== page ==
[xxxvii] A low frequency would mean power shifting to the Executive Board.
[xxxviii] At present the ratio of votes between the Executive Board and the governors is 6:12 (6:15 when the UK, Denmark and Sweden would have joined the euro area); in the future after accession the ratio will be at most 6:15.
[xxxix] On the surface the ESCB committees might look more useful for the NCBs than for the ECB, but they also increase the exchange of ideas within the System, and allow for smoother (non-monetary) decision-making in the Governing Council, provided the committee members act in a cooperative spirit. The committees are especially important, when the Governing Council decides by consensus (which is not the same as unanimity). But NCB representatives should not misuse this. For some ideas on improving the functioning of committees see chapter 8.3.
[xl] An exception being specific tasks relating to prudential supervision as defined under Art. 25.2-ESCB.
[xli] There are some similarities with the composition of the Commission as debated in the context of Europe’s draft Constitution. The Commission, with each Commissioner having a specific portfolio, cannot grow one to one with the increasing number of EU Member States. The Commission proposed an equal rotation system, implying each Member State would periodically not have a national in the Commission. The larger Member States have suggested to divide the smaller number of Commission seats in important and less important ones, with a natural claim of the large countries on the important seats. This resembles the composition of the Executive Board of the ECB, where rumour has it that the large countries claim that four of the six seats have been reserved for the governors of the NCBs of the largest euro area countries – a claim not substantiated by others and not approved by national parliaments when ratifying the Treaty of Maastricht.
[xlii] See chapter 8.3.
[xliii] These issues were mentioned in chapter 11.2.2 and 11.2.4.
[xliv] Other arguments against voting were mentioned in chapter 5.4 (under Practical improvements, proposal 5).
[xlv] There is no convincing theoretical or until now empirical proof that the Governing Council has been acting behind the curve due to procrastination in its decision-making process. See Blinder and Morgan (2000) and M. Artis (2002) respectively. In fact, Blinder and Morgan conduct two laboratory experiments, the outcome of which invalidates the commonly-believed hypothesis that groups make decisions more slowly than individuals do. Furthermore, they conclude that group decisions are on average superior to individual decisions. (In their experiment they conducted a statistical “urn problem” and a monetary policy experiment. In both cases decision-makers have to decide on the basis of subsequent drawings (information) whether the composition is deviating from a given previous composition.) Of course, issues like drafting communiqué’s will take more time with larger groups, but this can be handled by setting time-constraints.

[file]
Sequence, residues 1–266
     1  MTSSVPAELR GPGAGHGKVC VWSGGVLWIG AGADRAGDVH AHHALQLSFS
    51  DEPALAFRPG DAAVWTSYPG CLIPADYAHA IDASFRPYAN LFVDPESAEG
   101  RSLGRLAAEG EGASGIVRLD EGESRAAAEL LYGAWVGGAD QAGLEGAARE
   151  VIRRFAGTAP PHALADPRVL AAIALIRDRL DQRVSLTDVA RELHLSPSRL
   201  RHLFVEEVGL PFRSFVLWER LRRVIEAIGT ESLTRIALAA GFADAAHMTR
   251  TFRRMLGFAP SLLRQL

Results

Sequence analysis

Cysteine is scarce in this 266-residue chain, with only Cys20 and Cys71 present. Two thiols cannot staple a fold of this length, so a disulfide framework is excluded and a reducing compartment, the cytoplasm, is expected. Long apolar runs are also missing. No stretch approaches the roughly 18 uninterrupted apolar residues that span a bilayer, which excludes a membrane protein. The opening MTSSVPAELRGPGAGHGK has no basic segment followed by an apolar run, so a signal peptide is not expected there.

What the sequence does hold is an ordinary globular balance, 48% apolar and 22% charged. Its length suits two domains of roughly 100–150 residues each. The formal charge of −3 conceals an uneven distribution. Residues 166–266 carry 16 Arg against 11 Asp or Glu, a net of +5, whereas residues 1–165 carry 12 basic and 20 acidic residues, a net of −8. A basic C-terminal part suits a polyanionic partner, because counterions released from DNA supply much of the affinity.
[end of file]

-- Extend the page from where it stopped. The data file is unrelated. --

[xlvi] In the early years of the ECB, its first president Wim Duisenberg put a large weight on achieving a European (i.e. not national or regional) view of the Governing Council when it was taking interest rate decisions. In case of important interest rate decisions he would contact members of the Governing Council beforehand – see interview with Duisenberg in the International Herald Tribune of 6-7 November 2004.
[xlvii] See also chapter 9.
[xlviii] On 21 June 1948 the Deutsche Mark replaced the Reichsmark as the currency unit in the western occupied zones of Germany.
[xlix] Amtenbrink (1999), p. 86-87.
[l] Buchheim (1999) in Deutsche Bundesbank (1999), Fifty Years of the Deutsche Mark, p. 76-77.
[li] Amtenbrink (1999), p. 87-88.
[lii] See also footnote [9] in chapter 6.
[liii] Amtenbrink (1999), p. 90.
[liv] Buchheim (1999) in Deutsche Bundesbank (1999), p. 114. See also chapter 6 above and Loedel (1999), p.46.
[lv] See also Konrad von Bonin (1979), Zentralbanken zwischen funktioneller Unabhängigkeit und Politischer Autonomie, p. 79-82. Like Buchheim (1999), in Deutsche Bundesbank (1999), Fifty Years of the Deutsche Mark, p. 67 and 73, also von Bonin (p. 81) explicitly states that the American concepts for a post-war German central bank system were heavily inspired by the situation in the US itself.